Reminds me of a certain movie staring a certain barbarian

The Crimson Tide - Paul Mason

I have just finished going over my commentary on The Citadel of Chaos and I noted that I had made a complaint as to how hard it was because you could not actually map the citadel as you went and explored it, and that made me realise how different the books at this end of the spectrum are to the books around the beginning. I have noticed that around this end the adventures have ceased being simple dungeon hacks and have become much grander in scale. As for this particular Fighting Fantasy Gamebook, Paul Mason has once again outdone himself because he has again significantly raised the standard of the book (and when you have 46 previously books to compete against, doing so is very difficult).

In fact, as you discover later on in the adventure, this gamebook is technicality the sequel to another of his gamebooks (he has written four in total, as well as a number of other books), the [book:Black Vein Prophecy], and the scale of this book is very much similar to this former one. I also suspect that he may have been inspired by this movie:


Conan the Barbarian


(sorry, but I had to put a picture in here because, as they say, a picture tells a thousand words). The reason I say that is because the book opens with you living in a farming village amongst rice paddies that is attacked by a bunch of mercenaries. The the melee your father is killed and your mother is kidnapped. After the mercenaries leave you go off on a quest for vengeance. This quest ends up taking you years (the one true path is four years), and you start off as a child of thirteen, but I suspect that by the time you have completed the adventure you are probably more of an adult than the many others who are never thrust into such a situation.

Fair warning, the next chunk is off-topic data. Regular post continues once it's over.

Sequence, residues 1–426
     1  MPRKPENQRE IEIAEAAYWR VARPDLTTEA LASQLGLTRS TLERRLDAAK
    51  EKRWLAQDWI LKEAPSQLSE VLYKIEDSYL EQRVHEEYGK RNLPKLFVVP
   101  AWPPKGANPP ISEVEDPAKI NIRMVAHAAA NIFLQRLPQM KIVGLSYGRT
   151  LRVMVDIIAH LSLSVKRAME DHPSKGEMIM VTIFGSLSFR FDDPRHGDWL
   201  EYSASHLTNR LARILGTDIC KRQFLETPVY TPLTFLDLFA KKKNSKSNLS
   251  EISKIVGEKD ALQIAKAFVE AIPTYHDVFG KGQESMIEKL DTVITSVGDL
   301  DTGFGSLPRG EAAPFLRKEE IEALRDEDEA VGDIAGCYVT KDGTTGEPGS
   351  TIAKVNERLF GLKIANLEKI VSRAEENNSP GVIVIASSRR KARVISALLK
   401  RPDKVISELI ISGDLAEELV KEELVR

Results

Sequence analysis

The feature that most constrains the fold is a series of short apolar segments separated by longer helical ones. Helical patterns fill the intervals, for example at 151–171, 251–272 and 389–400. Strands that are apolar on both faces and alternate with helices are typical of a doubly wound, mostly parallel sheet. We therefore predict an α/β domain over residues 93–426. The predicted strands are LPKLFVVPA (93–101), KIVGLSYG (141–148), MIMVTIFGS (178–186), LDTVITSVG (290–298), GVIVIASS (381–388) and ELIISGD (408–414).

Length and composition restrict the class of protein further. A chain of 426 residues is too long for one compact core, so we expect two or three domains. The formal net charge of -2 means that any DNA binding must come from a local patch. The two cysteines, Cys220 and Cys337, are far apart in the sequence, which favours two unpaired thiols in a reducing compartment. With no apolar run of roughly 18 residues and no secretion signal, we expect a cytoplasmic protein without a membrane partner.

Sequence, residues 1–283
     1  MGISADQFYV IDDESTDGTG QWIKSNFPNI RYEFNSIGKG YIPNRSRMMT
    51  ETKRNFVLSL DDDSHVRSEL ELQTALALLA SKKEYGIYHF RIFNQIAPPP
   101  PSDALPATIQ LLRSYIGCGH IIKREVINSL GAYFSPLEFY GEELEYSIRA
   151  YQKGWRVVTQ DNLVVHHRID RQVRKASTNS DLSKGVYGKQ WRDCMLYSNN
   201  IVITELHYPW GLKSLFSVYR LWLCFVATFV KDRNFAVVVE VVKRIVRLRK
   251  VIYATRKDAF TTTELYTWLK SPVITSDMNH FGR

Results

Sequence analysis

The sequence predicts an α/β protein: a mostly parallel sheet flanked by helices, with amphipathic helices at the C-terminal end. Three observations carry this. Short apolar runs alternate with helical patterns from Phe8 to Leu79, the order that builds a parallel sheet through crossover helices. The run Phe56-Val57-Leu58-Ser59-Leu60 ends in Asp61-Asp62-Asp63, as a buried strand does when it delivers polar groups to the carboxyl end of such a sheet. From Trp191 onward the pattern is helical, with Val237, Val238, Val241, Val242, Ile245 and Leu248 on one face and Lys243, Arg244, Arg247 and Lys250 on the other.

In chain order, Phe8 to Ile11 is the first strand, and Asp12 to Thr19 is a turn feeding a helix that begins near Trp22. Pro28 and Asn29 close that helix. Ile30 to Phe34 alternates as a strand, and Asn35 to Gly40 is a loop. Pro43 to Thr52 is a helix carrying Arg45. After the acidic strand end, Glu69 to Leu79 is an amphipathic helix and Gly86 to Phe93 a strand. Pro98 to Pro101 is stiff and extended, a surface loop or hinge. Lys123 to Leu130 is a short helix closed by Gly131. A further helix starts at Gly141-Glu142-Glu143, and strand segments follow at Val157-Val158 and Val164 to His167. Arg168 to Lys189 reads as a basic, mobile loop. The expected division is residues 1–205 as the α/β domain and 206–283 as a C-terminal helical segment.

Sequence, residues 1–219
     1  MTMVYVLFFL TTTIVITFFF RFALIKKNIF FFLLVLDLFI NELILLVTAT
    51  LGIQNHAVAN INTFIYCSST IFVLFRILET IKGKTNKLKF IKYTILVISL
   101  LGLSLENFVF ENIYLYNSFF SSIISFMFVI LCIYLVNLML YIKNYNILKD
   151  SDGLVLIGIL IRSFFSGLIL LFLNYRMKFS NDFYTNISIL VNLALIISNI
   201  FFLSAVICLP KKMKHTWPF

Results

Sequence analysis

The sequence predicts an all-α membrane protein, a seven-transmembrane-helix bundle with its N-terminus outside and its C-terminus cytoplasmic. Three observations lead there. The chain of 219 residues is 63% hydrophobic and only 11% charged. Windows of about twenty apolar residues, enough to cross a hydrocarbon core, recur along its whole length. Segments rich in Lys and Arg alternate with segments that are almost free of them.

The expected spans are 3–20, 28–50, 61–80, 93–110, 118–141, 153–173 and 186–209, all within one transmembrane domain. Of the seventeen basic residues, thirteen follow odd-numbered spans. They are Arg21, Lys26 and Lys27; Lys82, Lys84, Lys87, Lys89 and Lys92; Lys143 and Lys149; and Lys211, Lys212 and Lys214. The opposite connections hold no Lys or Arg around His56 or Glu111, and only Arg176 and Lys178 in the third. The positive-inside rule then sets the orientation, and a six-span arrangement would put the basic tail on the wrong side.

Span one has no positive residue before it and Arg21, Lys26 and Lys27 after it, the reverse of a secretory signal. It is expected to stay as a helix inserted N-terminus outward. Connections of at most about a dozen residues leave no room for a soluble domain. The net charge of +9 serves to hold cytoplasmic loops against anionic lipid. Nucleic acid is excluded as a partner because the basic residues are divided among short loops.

This story also uses an oriental setting (which means that Black Vein Prophecy also used a similar setting, but it was not as evident when I originally read it, but it is pretty evident now that I know that this is technically a sequel, though I will not tell you where the connection lies). Also this is a much harder book because, well, there is only one true path in this adventure, and if you do not follow that path then, well, you end up dying. Fortunately I have managed to discover a website where somebody has kindly put up the solutions to all of the Fighting Fantasy gamebooks so I no longer have to stumble around looking for them (or even having to figure it out myself – though that sort of ends up defeating the purpose of the book – I might as well just go an read a novel written in the second person perspective).